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text of the Installation at the Mishkan, Museum of Art Ein Harod. 1994

hand-printed in oil-tempera with rubber stamps;

10 units, dimensions: 5 units – 290x293 cm, 5 units – 370x295 cm

       When I worked on my Los Angeles wall-painting, I was bothered with the thought that my wall will be whitewashed at the end of the show, and that only photographs will remain. If there were only photographs to remain, then at least I should be photographed as well, so I felt, and the more the better: before work, at breaks, in front of the building, near the painting, far from the painting, very far from the painting, all my body against the painting. One morning before driving to the gallery, I shut myself in the toilet and took my own photographs, naked, in front of the big mirror. A whole film. A strong morning light came through the rhombus shaped network mounted on the window's six squares frame. The dark green tapestry on the wall, the heavy wooden door, the green marble, all my body, were segmented into stripes, triangles and rhombuses. I colored my face with bright colors, then, after a thought, buried them between my raised arms, and took the photos wondering during the while what was the approximate running distance designed for the suspense button in the camera. Were it for instance a picnic... and I would have wanted to join the others...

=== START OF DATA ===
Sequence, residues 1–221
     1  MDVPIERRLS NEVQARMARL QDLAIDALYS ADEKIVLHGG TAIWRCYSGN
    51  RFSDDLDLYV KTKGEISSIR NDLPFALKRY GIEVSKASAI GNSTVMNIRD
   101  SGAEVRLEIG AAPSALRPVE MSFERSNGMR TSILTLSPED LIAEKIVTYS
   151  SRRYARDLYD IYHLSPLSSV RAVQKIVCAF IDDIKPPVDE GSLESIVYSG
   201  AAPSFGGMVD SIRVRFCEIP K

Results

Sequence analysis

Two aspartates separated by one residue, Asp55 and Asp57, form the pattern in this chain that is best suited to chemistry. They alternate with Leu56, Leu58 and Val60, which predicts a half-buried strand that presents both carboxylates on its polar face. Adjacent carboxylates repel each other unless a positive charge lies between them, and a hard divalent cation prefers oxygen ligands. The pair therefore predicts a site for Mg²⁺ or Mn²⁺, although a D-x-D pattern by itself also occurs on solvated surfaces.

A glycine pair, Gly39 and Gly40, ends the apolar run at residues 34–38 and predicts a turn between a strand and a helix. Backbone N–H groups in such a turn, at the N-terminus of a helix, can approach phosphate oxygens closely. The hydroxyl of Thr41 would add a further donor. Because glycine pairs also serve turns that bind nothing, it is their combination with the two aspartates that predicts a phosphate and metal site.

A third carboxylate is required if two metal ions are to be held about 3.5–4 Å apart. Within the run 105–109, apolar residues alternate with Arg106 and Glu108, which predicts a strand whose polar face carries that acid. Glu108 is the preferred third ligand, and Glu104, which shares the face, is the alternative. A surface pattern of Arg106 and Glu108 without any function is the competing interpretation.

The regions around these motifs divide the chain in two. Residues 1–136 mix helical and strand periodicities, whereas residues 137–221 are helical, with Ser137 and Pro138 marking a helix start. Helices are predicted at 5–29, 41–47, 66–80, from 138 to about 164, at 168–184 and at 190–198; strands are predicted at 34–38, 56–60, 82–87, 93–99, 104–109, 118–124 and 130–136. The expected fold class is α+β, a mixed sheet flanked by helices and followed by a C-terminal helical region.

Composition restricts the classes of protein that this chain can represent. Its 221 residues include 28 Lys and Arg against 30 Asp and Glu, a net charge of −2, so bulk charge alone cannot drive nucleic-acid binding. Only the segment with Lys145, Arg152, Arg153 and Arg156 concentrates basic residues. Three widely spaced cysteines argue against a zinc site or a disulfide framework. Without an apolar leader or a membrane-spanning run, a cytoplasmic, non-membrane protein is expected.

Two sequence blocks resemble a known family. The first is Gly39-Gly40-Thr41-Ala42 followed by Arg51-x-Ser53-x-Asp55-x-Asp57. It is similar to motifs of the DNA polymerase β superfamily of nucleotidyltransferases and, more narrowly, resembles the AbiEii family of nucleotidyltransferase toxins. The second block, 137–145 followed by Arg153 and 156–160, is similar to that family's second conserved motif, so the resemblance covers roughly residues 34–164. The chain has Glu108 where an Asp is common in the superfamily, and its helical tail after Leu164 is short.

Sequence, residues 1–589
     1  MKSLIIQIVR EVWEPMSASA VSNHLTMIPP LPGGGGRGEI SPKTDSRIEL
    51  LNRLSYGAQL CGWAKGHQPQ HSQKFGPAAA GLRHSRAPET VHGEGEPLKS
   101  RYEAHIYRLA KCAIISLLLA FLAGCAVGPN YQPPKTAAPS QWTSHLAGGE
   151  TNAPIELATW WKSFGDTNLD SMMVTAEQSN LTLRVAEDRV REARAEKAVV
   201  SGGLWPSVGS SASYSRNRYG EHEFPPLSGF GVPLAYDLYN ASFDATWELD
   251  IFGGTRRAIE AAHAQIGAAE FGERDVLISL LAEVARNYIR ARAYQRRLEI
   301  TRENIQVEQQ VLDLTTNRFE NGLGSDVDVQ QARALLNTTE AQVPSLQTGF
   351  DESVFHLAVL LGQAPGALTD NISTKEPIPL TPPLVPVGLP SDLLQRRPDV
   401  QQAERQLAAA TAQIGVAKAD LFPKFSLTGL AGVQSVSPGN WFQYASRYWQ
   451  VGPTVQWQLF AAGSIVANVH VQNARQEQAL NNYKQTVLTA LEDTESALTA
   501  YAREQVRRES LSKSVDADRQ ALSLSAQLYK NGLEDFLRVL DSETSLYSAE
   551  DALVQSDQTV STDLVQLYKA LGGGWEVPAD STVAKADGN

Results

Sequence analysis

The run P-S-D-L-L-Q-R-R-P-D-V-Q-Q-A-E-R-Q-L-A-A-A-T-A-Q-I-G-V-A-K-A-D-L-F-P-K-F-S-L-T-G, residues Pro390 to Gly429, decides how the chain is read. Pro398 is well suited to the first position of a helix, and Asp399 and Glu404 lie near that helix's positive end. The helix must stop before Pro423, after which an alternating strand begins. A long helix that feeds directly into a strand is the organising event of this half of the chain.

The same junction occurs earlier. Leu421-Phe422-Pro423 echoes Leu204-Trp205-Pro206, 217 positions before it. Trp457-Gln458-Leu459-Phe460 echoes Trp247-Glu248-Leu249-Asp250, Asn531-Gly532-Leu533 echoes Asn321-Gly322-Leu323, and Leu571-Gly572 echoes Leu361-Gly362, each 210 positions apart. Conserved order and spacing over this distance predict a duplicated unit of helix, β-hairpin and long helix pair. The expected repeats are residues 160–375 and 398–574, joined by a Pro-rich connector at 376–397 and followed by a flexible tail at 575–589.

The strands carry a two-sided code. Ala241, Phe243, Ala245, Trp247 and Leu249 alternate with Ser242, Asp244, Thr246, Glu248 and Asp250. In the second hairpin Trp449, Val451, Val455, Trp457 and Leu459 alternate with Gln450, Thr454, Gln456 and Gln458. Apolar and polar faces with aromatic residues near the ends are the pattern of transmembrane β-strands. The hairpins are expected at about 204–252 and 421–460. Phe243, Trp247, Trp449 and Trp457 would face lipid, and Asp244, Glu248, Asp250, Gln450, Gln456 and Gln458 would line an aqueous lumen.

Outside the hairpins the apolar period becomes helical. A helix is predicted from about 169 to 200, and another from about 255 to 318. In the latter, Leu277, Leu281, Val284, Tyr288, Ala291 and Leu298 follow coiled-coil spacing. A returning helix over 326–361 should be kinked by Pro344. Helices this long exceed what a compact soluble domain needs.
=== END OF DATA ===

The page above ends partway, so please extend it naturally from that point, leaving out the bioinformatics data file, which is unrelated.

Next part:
The corner of the box on which stands the chair on which Gustave Courbet is sitting, is turned towards me. The box has a handle. Two youngsters, the house keeper, a bearded friend, and Courbet himself move it together when he finishes painting one area and needs to start another one. When he needs help, Gustave Courbet turns his head slightly to the left, away from the canvas on which he works, and then, erected, precisely facing me, are his pipe together with the palette in his hand. So does the brush OK in his other hand, slightly it turns and points at me. The hat casts a shadow on his eyes so that they can not be seen. The upper one of his lips is shadowed under his nose, closes firmly upon the pipe, the lower one disappears in his beard, so that also his mouth is hardly seen. His left thumb and his entire left sleeve are stained, and swelled up by color lumps so that they can not be told from the palette, which, along with the thumb turned towards me, forms one extended deformed arm. The brush in his other hand is held between thumb and finger, like a knife, and it points at me. When Courbet needs help, also his knee, in the coarse rough cloth of his trouser leg, along with the toe of his heavy boot, with its heavy heel, stuck between the leg of the chair and the box upon which it stands, slightly turn towards me, together with the palette, the brush, and the pipe. And then all changes, that much all changes that it would be very hard for me to describe it, do it in proper brevity, and without bursting into tears. But his other leg, as he is turning to ask to be helped with the box, remains solid, as if forever, stuck between the front leg, the right one, the straight one of the chair, and its rear leg which is carved like a column of Brancusi.


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